“Sweetheart, are you okay?” he asked. “I heard the screaming. Sounded like you cut your finger off.”

Before I could reply, he added, “You have a record on or something? That’s some stereo. My god—beautiful. Sounds like someone is playing piano, right here.”

I glanced at the piano, then back at Rob. There was no reason he shouldn’t have been able to see the man finishing out the tranquil section of the song.

“You don’t see?” I feared Rob’s reply, those two words that would mean I’m crazy.

“See what?”

The color drained from my face while the piano man sped up to his final finish.

“Ah, it’s nothing.” My voice came out hoarse. “Thought I saw a cockroach. I’ll knock on your door if I see it again.”

Rob stared at me doubtfully for five, ten seconds. Then he shrugged. “Alright. Have a good night.”

I shut the door and turned back to the piano. The player’s fingers moved rapidly up and down the keys. Only a practiced musician could play this song without missing a note.

As he finished in a bright major chord, he let out a satisfied huff and turned to me, his slim face beaming, his eyes dark and mischievous.

“What are you? This is from stress, isn’t it? Am I losing my mind?”

“Considering you insisted on having this exquisite instrument put in this closet—you call this a home?—I’d say maybe you are losing your mind. But if you are referring to why that gentleman could not see me, it’s because only the piano’s owner can. So no, you haven’t imagined me. I’m far too interesting for your plain dreams anyway.”

“How would you know about my dreams?”

“I wouldn’t. You just seem lackluster. My name is Ludwig.” He held out his hand. I reached forward, expecting vapor, but instead I grasped his cold extremity and shook it.


“That’s an old name. Been around since before my time.”

“Seriously? Your name is Ludwig. Are you even German?”

He straightened and scoffed. “No. My parents named me after Beethoven, so I’d be a composer, and a great piano player like him.”

“And were you?”

He furrowed his brow and looked at the piano. “What do you think?”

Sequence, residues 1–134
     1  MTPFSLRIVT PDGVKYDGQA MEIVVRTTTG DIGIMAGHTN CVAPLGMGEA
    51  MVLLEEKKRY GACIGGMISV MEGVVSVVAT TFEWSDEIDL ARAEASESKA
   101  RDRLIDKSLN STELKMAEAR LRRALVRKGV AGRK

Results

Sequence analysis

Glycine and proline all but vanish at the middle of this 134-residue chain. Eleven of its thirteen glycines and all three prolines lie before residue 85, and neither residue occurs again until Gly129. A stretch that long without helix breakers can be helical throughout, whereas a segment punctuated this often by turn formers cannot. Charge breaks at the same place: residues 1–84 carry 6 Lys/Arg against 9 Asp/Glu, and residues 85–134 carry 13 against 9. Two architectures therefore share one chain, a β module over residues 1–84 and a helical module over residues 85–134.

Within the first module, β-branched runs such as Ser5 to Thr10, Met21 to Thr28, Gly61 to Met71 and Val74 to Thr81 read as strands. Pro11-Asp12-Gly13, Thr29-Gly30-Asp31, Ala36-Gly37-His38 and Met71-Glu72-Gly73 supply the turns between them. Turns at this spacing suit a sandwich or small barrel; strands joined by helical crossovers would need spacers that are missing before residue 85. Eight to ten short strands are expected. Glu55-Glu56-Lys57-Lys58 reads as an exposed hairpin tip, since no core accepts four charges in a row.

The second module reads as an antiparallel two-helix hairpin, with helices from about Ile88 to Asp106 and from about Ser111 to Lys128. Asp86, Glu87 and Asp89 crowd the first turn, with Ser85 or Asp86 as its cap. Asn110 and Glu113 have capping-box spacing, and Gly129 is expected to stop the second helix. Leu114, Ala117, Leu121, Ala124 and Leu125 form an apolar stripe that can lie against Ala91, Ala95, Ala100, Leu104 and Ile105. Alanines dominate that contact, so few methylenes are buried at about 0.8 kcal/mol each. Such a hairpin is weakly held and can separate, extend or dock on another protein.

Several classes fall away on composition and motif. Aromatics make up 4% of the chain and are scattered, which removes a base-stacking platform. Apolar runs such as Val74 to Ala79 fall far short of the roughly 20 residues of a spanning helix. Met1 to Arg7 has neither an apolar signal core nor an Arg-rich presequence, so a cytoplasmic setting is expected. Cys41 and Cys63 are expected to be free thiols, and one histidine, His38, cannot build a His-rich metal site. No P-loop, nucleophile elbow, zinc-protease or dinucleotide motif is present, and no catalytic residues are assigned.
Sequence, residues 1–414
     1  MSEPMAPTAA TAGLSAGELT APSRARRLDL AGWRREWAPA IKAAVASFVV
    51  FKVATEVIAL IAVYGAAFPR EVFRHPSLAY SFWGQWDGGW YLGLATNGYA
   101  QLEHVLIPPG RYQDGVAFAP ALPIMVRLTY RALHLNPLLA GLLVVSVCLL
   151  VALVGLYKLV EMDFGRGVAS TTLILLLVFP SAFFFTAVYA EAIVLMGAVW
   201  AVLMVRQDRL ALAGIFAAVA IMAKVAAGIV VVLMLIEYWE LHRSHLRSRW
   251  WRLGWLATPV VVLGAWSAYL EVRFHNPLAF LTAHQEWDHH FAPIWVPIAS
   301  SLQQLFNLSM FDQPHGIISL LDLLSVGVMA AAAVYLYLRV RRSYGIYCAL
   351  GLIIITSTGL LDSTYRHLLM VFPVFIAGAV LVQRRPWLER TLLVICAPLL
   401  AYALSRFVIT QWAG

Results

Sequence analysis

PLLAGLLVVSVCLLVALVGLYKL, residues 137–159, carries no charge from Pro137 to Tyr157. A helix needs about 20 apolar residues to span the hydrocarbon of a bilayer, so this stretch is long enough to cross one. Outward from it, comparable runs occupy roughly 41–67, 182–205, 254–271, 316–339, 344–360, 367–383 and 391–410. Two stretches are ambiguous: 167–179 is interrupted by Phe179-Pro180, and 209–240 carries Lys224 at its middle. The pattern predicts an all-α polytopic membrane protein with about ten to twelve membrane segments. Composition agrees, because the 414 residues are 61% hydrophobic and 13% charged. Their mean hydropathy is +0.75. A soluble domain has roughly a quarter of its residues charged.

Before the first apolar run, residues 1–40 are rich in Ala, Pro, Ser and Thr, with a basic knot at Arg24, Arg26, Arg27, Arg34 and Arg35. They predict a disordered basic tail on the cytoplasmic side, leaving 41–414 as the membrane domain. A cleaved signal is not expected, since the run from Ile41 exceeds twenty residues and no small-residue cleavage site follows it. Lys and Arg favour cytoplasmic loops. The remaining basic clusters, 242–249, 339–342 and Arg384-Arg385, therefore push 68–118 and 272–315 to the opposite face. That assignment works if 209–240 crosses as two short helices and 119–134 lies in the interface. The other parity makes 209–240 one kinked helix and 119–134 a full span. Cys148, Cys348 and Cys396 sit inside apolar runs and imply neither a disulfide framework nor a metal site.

“I think you’re arrogant.”

“I think you’re jealous.”

Such began my relationship with Ludwig.


We return home to the apartment once I’ve finished my hamburger.

There are still many hours to go in the night, since the date did not end with extended conversation, romantic walks in the park, or a hanky-panky (though I’m not sure how Ludwig would fit into that scenario—I try not to think about it).

I sit at the piano to continue the composition I’ve been working on for months—my thesis, the finale before I graduate. It’s a piano concerto, requiring many parts. Besides the piano solo, which has to be remarkable, each symphony part has to accompany and enhance it. I obsess over the piece—French horns echo in my brain and pizzicato violins dance constantly in my thoughts. The bones of the composition are good, but the third movement—the finale—isn't written.

Now it's been a year and there’s one day left before my deadline, then I lose my scholarship. Without a scholarship, I can’t afford to keep going. And without a conducting degree, I’ll never be considered for a symphony position. It’s been my dream since childhood, since I played my first notes on a tiny toy piano. I’ve had a taste of conducting in my classes and nothing compares to the sensation of directing a hundred musicians into one singular sound, like tugging the individual threads of a colorful tapestry. But how can I lead an orchestra, demanding passion and excellence from the musicians, when I haven’t proved my own?

When I met with the orchestral program director to discuss the upcoming deadline, she had a perfect, proud posture, holding her pen in the air like a baton. I’d like to say her attitude toward me was unwarranted but that isn’t exactly true. I’d joked with another musician, Tom (a talented percussionist) that she probably only landed this position from sleeping with the maestro of the Philharmonic. I hadn’t realized she was standing right behind me as I said it. Insulting her integrity was bad, but worse, I’d insulted the integrity of the institution, and music itself.

To say that the conversation about my own seeming lack of talent was ironic, and awkward, would be an understatement.

“You realize we must invest in students who show promise?” she asked.

“I understand.”

“We’re just not sure you have it.”

“Have what?”

“The ability to finish.”

That was before I bought the piano. If Ludwig had been there, he’d have made an unseemly remark about her word choice, and I might have laughed. Instead, I signed the papers, granting my sabbatical, and cried the whole way home.